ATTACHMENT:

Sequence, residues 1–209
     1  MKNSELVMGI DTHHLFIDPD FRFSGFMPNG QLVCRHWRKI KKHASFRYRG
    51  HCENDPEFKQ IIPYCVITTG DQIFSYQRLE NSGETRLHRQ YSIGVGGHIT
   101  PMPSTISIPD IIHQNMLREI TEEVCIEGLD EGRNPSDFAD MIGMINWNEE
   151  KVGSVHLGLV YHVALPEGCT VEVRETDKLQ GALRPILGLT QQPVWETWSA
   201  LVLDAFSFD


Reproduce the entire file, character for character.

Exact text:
Sequence, residues 1–209
     1  MKNSELVMGI DTHHLFIDPD FRFSGFMPNG QLVCRHWRKI KKHASFRYRG
    51  HCENDPEFKQ IIPYCVITTG DQIFSYQRLE NSGETRLHRQ YSIGVGGHIT
   101  PMPSTISIPD IIHQNMLREI TEEVCIEGLD EGRNPSDFAD MIGMINWNEE
   151  KVGSVHLGLV YHVALPEGCT VEVRETDKLQ GALRPILGLT QQPVWETWSA
   201  LVLDAFSFD